The missing reforms are many but the main ones are electoral reform, judicial reform and administrative reform. Without these, economic performance will always be patchy, as it indeed has been since 1992.
For the last one month, India has been wallowing in a cool, scented pool of self-congratulation over the 25th anniversary of economic reform that began in July 1991. But as has been well said, what you see depends on where you stand and that’s pretty much true of India’s self-congratulation over ‘reforms’ as well.
Thus, if you ask the Congress party it will give credit to everyone except the then prime minister PV Narasimha Rao, who actually allowed the reforms to happen. If you ask Yashwant Sinha who was the finance minister between December 1990 and July 1991, he will tell you that much of it had been devised and decided upon by the six-month government of his prime minister, Chandra Shekhar.
If you ask the officials who ran the finance ministry between 1992 and 1996, they will say they did it all, and that nothing much has really happened after 1996. If you ask the RBI governors who held office between 1992 and 2008 they will say but for them the government’s initiatives would have failed. And so on.
This self-congratulation is all very fine till someone points out that, in reality, all we have really done so far is to reform the financial sector. It is rarely pointed out that practically nothing else has been reformed even after 25 years. Our mistake has been in thinking that if we changed some rules about the inflow of foreign capital, built a few highways, ports, airports and IT companies, it amounts to a major achievement. But history shows that every country that has increased its GDP by a substantial margin over a period of three decades or more has also reformed its tools of governance, China included. Deng Xiaoping’s China has been governed very differently from Mao Zedong’s.
Truth be told, India needs to reform the idea of reform itself and a major step towards that would be to delink the political fortunes of governments from their control over the economy. This is easier said than done because since 1945, the combination of Keynes and democracy has led politicians to use the Keynesian idea, which was intended to solve a specific problem relating to industrial over-capacity after the Great Depression of 1929-38 to spend on all manner of things that should ideally be left to private spending. Even Narendra Modi has not shown any inclination to break away from this. The result, not just in India but in all democracies in the world, has been disastrous.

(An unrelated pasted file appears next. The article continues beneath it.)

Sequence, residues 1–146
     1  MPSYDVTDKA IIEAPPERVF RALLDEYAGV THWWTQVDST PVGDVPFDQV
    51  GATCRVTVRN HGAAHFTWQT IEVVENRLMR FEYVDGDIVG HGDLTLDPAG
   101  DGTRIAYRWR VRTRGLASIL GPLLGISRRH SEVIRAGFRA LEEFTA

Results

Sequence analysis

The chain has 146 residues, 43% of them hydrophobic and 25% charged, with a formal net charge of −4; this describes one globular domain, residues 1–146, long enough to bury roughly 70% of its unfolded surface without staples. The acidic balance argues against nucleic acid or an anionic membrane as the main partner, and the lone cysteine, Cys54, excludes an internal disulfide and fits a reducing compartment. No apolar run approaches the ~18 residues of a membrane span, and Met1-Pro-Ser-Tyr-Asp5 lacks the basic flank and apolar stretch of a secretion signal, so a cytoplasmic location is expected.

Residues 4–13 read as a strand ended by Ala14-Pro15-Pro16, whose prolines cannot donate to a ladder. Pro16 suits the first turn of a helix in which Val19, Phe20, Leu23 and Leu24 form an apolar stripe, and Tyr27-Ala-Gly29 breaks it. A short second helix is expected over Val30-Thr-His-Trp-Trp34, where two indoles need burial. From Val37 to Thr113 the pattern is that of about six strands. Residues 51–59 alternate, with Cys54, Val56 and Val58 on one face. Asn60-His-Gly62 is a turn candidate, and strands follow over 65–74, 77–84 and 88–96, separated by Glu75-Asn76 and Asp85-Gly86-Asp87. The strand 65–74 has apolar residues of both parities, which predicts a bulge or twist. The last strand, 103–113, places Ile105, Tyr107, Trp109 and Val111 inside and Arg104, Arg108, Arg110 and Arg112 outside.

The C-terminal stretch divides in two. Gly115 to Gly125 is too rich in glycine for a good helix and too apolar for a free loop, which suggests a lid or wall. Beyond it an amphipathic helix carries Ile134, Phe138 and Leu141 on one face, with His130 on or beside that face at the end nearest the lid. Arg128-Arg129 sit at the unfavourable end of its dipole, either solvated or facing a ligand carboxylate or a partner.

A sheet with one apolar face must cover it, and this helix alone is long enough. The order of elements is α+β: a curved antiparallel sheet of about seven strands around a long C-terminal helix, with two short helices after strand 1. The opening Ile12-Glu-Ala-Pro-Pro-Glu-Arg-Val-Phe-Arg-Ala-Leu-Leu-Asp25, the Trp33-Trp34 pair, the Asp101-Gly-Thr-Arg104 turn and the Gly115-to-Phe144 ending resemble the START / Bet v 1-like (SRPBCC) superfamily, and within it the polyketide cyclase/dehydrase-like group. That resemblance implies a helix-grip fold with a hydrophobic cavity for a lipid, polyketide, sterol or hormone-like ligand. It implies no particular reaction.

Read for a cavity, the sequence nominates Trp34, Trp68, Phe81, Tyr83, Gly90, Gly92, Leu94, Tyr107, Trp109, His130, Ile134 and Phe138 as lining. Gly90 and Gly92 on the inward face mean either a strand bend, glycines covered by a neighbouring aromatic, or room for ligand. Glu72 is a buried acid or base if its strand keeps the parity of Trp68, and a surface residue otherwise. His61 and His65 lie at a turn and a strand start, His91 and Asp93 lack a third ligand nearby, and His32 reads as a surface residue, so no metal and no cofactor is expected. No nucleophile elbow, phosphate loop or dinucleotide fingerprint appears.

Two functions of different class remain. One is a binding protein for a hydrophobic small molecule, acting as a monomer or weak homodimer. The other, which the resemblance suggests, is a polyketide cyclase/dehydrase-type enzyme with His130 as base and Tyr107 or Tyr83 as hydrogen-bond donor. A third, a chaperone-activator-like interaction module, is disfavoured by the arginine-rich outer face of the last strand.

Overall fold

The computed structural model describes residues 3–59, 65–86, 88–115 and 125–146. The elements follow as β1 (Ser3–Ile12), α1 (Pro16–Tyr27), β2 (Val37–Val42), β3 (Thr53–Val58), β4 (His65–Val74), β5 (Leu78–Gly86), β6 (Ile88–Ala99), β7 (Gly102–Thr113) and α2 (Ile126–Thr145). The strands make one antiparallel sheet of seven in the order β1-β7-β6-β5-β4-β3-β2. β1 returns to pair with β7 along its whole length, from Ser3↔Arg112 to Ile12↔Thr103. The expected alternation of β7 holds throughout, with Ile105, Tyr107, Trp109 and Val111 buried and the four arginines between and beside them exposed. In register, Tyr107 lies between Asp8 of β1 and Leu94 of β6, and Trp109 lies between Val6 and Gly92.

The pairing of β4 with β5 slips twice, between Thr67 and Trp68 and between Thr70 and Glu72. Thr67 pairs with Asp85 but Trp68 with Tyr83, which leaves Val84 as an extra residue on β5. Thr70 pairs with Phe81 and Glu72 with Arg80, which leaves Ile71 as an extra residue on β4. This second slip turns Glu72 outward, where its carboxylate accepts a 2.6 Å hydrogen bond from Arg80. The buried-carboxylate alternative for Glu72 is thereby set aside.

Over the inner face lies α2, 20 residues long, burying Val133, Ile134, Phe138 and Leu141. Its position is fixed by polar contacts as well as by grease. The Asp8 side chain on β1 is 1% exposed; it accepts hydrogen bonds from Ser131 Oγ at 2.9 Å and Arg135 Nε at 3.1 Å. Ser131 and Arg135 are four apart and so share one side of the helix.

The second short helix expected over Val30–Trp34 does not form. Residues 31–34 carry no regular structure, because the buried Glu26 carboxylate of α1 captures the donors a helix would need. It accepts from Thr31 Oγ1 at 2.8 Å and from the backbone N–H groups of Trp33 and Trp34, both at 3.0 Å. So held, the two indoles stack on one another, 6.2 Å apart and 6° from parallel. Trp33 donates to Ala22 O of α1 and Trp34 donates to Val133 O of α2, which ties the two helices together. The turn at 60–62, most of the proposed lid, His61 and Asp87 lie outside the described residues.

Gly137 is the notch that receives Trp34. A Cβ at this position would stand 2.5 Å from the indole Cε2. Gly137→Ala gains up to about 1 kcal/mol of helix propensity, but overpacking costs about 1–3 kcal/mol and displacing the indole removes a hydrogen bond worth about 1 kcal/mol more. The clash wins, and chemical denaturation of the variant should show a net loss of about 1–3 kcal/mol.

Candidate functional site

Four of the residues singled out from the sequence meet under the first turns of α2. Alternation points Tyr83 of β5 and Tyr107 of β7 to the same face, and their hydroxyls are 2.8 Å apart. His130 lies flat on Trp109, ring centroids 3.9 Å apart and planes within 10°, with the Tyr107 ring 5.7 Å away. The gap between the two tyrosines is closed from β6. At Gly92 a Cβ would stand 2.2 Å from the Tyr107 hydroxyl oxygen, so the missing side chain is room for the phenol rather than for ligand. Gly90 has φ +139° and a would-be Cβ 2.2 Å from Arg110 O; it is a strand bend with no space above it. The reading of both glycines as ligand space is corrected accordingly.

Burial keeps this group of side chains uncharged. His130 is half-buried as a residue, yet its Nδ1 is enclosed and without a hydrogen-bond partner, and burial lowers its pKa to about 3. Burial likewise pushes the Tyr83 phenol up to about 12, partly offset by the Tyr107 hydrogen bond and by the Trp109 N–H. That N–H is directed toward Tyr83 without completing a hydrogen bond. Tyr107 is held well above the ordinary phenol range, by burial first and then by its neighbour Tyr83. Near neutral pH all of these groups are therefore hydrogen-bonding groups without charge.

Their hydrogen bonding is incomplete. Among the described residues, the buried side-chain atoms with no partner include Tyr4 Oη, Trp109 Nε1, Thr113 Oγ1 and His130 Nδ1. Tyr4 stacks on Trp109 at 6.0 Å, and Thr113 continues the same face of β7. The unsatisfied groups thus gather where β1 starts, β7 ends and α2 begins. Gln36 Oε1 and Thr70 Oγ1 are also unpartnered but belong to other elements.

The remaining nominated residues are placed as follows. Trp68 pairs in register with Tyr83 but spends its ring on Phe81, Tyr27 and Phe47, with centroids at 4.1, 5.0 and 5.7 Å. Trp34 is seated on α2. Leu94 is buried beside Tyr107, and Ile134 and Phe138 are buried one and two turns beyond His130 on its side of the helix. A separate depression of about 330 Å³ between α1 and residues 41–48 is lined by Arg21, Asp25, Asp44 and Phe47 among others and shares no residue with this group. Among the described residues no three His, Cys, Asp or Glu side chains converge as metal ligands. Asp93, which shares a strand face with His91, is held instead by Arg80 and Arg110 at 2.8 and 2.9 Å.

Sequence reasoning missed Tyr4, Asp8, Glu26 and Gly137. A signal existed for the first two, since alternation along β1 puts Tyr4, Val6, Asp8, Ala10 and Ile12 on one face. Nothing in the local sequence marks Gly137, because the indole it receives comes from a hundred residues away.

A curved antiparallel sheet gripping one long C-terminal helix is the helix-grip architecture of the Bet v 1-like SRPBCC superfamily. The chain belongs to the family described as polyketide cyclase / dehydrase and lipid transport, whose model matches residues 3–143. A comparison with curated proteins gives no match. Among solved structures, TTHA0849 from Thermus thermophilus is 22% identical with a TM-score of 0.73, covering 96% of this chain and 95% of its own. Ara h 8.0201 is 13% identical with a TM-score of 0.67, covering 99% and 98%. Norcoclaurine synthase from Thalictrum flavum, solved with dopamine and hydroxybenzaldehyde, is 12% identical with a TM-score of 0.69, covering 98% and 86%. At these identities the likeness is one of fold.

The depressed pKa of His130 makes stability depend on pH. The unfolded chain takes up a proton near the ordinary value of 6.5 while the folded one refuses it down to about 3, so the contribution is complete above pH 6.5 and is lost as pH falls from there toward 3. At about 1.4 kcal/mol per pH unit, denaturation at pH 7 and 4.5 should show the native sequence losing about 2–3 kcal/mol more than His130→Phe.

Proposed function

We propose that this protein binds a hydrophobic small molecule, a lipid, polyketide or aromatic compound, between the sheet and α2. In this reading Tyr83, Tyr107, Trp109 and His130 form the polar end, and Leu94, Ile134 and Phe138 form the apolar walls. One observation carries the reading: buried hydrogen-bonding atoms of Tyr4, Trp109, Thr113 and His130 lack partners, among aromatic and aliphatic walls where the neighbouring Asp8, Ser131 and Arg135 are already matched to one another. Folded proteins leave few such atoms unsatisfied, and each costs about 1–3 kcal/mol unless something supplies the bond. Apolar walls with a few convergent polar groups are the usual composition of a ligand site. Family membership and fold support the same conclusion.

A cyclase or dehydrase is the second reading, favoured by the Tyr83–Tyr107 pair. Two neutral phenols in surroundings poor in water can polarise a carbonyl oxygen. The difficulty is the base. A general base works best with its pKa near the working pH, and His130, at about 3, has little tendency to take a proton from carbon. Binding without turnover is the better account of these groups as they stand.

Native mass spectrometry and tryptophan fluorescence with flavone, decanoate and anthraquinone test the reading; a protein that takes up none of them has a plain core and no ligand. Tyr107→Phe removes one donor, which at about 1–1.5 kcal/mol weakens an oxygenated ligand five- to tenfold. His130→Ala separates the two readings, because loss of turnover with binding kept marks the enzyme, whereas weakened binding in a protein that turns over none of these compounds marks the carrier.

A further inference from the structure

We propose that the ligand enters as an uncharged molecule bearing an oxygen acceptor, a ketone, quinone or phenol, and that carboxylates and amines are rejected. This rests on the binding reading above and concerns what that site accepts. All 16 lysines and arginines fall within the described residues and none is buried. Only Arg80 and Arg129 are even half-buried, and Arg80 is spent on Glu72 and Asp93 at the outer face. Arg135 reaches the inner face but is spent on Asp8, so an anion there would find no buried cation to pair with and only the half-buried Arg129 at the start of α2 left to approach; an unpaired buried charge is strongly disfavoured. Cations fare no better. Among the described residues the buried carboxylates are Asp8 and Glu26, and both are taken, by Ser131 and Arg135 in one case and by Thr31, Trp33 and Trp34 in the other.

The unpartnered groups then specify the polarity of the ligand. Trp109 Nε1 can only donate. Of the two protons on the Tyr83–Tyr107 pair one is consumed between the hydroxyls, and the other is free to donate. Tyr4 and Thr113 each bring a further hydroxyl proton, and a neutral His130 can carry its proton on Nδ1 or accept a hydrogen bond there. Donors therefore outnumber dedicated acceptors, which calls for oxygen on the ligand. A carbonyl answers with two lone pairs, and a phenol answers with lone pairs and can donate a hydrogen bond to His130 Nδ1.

But since this tendency to use public funds to ensure re-election – which doesn’t always happen – is unlikely to disappear any time soon, we can only try to ensure that this doesn’t get completely out of hand as it did in Southern Europe.
The missing reforms are many but the main ones are electoral reform, judicial reform and administrative reform. Without these, economic performance will always be patchy, as it indeed has been since 1992. These three things – political, judicial and administrative reform – comprise what I call the soft infrastructure as opposed to the hard infrastructure on which we have been focussed. Political scientists refer to these things as institutions. On these three elements of soft infrastructure, we have failed totally. Even Narendra Modi has not touched them with any firmness.
Over the last four and a half decades, reform of the Indian political system has become synonymous with the reform of the electoral system. This is understandable because, after all, no other country in the world has as many voters as we do, more than 800 million. Nor does any other country have as many illiterate people voting as we do. No other country uses money and muscle in elections to quite the same extent as we do. No other country has so many persons with criminal charges against them being elected to parliament. The list of shortcomings is long.
But India needs political reform that goes deeper than electoral reform, comparable in its impact to the reform of the political system in Britain in the 19th century. One of the key issues here which we have been refusing to face up to is this: how can one MP (or MLA) represent so many millions of people who fall in his or her constituency?
If he or she can’t do the job effectively – as indeed we have seen – we are left with two solutions: one is to have more MPs and MLAs; the other is to empower the state assemblies far more than at present. These are not mutually exclusive options. Both have to be done.
At present India has 544 MPs in the Lok Sabha. This number must be at least doubled if we want to have adequate representation. That is, we need at least 1,000 MPs or what is the same thing a near doubling of the number of constituencies. One must hope that this happens when the next delimitation happens in a few years from now.
The other deep political reform, of genuinely empowering the states, is to abolish the Concurrent List of the Constitution as also Entry 97 of the Seventh Schedule. The Concurrent List creates confusion and must, at the least be drastically pruned; Entry 97 is a list of all things on which the Centre can legislate which is not there in the three lists – central, states and concurrent. These two reforms will increase accountability and the Centre and the states will not be able to blame each other for their collective failures.
Five steps that heralded the change
1. One pervasive feature of Indian economy was ‘licence quota raj’, that is, the industries had to seek government nod at each and every step. The first budget of Manmohan Singh heralded industrial delicensing, unleashing the growth potential of industries.